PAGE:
And "Anglican patrimony" has never been adequately defined, and in fact is probably not susceptible to definition. In Bp Lopes's Vienna address, he seems to refer to it primarily as a limited number of Cranmerian prayers added to an Ordinary Form English mass, with some English archaisms emended into the canon as well. But the implication here and elsewhere is that the "patrimony" is somehow more than this -- but what it is has never been stated. Thus we have laity insisting to an audience of the faithful that the "Anglican patrimony" exempts OCSP members from the requirement of contrition in the sacrament of penance, without contradiction from OCSP clergy.

§3. The Ordinariate must have its own Program of Priestly Formation, approved by the Holy See; each house of formation should draw up its own rule, approved by the Ordinary (cf. CIC, can. 242, §1).

§4. The Ordinary may accept as seminarians only those faithful who belong to a personal parish of the Ordinariate or who were previously Anglican and have established full communion with the Catholic Church.

One difficulty with this provision is that the definition of "Anglican" isn't clearly established, and a number of current clergy don't strictly qualify. Several have simply been "Anglican" for brief periods while riding a Protestant denominational carousel, which violates at least the spirit of this provision. Others have been members of tiny groups-in-formation that appear to have been established specifically to qualify as "parishes" of which they are members, and only to allow their ordination.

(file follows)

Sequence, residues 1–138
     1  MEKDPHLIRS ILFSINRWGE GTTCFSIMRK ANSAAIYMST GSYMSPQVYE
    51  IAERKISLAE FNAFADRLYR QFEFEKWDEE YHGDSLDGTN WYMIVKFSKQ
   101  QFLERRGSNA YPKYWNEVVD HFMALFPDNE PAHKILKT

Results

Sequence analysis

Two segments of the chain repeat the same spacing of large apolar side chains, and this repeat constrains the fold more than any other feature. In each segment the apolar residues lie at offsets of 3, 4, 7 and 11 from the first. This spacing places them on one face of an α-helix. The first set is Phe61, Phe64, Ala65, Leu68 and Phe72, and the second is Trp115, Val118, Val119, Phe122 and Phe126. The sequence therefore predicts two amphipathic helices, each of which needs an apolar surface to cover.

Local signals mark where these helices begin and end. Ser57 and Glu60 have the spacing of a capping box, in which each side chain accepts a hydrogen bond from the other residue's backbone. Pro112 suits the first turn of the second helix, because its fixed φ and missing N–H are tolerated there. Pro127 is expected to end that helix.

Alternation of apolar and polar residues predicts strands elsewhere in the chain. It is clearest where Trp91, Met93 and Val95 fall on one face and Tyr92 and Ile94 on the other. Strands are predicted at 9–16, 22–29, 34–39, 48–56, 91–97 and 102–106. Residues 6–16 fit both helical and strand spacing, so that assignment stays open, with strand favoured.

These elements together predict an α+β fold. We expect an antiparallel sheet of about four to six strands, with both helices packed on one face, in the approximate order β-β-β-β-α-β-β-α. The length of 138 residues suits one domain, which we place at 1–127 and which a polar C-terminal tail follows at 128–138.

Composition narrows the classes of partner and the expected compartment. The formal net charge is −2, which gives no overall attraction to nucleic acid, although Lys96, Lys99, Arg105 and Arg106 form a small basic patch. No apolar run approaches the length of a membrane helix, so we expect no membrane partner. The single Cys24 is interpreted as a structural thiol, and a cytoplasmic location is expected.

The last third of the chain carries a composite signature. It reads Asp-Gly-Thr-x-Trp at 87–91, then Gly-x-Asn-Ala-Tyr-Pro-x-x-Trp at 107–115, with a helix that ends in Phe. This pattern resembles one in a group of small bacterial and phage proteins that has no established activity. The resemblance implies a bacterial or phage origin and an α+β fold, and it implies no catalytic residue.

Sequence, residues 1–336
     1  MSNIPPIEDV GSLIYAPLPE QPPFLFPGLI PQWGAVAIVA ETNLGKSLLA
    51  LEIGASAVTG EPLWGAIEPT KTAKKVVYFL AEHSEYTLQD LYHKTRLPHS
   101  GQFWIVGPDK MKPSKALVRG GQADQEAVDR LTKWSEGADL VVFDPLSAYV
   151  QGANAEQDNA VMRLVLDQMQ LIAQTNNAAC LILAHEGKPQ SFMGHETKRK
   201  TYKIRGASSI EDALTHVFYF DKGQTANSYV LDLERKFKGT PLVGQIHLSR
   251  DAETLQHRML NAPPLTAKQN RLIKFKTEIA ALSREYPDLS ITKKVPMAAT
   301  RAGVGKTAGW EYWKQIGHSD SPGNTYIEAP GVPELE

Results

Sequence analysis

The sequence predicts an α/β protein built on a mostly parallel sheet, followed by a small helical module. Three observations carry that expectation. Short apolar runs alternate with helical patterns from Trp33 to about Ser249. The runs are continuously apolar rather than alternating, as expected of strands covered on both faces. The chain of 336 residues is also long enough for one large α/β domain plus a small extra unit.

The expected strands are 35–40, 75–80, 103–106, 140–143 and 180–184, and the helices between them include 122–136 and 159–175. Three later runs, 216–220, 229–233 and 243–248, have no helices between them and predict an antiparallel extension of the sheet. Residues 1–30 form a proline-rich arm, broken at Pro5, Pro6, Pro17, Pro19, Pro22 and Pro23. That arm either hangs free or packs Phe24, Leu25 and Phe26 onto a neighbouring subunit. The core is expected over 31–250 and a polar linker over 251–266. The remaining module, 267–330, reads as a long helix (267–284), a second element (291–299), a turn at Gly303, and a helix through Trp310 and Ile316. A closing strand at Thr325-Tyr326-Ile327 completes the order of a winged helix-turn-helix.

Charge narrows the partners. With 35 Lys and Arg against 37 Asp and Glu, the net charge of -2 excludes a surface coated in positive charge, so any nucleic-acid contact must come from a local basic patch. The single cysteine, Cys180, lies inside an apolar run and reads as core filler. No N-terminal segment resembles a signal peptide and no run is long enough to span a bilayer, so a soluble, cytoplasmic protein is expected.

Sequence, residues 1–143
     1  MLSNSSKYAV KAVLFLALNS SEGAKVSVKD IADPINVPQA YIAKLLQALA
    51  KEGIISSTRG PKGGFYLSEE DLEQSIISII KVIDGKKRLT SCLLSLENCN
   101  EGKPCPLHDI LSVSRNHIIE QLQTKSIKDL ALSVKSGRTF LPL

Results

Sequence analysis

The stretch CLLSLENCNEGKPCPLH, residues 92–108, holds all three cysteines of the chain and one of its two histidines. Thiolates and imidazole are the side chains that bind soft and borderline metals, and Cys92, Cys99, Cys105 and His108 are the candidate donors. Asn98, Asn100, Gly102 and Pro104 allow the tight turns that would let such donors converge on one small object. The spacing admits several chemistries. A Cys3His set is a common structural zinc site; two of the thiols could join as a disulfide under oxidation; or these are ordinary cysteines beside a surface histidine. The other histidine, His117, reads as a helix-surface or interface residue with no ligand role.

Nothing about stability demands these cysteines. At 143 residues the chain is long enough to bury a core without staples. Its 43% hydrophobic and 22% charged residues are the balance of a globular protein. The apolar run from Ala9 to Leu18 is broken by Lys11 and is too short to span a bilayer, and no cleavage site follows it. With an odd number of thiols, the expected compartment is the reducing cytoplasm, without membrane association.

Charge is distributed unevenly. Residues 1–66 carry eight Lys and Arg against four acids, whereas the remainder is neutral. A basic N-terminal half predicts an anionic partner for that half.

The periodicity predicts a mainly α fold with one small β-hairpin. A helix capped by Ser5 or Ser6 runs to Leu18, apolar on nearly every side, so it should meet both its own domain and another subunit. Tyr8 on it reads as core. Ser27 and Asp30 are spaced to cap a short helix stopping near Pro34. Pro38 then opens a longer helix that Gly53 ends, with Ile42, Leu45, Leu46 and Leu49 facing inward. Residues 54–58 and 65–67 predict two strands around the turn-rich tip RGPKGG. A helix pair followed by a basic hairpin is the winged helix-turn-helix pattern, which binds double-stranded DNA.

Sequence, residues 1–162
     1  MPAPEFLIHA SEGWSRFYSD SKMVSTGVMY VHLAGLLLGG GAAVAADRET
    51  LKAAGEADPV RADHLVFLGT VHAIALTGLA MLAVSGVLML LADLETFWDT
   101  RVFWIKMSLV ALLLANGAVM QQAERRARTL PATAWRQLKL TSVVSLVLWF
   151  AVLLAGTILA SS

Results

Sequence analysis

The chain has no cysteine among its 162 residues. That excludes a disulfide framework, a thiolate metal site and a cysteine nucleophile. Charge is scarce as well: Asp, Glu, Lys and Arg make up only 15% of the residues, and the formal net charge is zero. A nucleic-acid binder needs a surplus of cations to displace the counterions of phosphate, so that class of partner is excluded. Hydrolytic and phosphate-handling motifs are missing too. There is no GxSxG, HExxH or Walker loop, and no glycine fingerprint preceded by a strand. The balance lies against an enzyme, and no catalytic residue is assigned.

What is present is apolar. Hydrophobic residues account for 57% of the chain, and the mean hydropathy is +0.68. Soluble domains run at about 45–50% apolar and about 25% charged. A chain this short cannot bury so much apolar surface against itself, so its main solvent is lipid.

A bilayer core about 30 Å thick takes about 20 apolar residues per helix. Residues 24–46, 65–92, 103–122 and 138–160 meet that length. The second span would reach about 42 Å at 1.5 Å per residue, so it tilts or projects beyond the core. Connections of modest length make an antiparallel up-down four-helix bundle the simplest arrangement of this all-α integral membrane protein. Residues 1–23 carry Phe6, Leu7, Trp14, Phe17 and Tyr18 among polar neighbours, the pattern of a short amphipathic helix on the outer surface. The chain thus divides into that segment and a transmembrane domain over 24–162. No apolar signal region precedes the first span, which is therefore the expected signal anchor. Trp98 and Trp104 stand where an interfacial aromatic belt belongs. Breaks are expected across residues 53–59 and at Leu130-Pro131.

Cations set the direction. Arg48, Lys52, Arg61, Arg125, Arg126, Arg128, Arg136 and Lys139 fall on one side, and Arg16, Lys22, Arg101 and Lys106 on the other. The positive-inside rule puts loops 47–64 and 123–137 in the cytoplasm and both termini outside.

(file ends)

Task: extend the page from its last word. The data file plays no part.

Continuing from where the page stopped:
§5. The Ordinariate sees to the continuing formation of its clergy, through their participation in local programs provided by the Episcopal Conference and the Diocesan Bishop.
I would be interested to see if any OCSP clergy have participated in any such diocesan local program.

Artilce 14 refers to potential problem areas:

§2. If there is no vicar, in the event of absence, incapacity, or death of the pastor, the pastor of the territorial parish in which the church of the personal parish is located can exercise his faculties as pastor so as to supply what is needed.
There are few full OCSP parishes, and so far, this particular contingency hasn't occurred. But given the small size of even most full OCSP parishes, I question whether a territorial bishop will think it's worthwhile to divert a diocesan pastor to fulfill this function, when he's probably fully, or more than fully, occupied with his own territorial parish.
§3. For the pastoral care of the faithful who live within the boundaries of a Diocese in which no personal parish has been erected, the Ordinary, having heard the opinion of the local Diocesan Bishop, can make provisions for quasi-parishes (cf. CIC, can. 516, §1).
It's hard to avoid thinking that this provision has been cited by some territorial bishops in resisting the formation of quasi-parishes, apparently at least in St Petersburg and San Bernardino, and at least provisionally in Rochester. Given what must be considered a high defect rate in OCSP ordinations to date, I've got to think this resistance is prudent, and we may well see more instances.